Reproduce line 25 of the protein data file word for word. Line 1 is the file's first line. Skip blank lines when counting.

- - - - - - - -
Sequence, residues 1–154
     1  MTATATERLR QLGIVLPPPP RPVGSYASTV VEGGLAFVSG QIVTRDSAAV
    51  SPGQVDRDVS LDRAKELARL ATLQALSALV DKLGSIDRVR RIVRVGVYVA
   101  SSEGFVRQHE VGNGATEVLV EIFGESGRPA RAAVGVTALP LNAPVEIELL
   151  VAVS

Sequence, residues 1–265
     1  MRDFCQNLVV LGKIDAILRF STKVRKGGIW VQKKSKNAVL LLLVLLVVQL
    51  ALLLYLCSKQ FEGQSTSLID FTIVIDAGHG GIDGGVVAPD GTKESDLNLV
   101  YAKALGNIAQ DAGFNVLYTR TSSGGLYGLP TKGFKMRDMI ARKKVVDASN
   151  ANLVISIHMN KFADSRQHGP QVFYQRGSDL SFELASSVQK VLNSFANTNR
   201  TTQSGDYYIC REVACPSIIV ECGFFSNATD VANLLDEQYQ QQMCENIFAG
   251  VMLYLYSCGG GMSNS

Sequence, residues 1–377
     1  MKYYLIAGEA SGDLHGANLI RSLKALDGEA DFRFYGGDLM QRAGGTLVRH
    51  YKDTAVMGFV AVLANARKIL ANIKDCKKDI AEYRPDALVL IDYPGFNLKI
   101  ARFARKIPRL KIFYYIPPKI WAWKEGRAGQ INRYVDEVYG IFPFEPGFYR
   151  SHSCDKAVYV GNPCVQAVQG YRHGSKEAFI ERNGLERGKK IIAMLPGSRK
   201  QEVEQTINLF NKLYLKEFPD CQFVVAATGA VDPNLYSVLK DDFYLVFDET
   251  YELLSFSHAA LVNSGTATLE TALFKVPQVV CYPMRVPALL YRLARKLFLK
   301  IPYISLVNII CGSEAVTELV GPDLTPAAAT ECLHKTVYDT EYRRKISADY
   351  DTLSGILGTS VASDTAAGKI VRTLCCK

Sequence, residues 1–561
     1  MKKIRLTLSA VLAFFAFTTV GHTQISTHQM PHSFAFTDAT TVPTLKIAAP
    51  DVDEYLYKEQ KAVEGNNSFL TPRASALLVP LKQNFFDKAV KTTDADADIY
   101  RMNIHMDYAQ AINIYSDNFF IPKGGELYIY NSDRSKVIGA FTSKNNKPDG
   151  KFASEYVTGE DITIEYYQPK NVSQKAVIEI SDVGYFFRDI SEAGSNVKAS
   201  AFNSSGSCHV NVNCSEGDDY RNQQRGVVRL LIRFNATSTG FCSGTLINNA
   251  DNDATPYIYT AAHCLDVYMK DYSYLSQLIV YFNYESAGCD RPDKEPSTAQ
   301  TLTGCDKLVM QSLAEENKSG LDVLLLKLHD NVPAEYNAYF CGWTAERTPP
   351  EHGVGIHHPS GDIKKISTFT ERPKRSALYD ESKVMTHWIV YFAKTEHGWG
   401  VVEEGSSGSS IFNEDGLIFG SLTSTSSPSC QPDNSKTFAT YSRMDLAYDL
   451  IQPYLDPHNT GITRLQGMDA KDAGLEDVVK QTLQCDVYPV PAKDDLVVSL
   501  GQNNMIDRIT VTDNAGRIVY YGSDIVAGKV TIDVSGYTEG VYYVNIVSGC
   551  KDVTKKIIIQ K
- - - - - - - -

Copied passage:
   101  RMNIHMDYAQ AINIYSDNFF IPKGGELYIY NSDRSKVIGA FTSKNNKPDG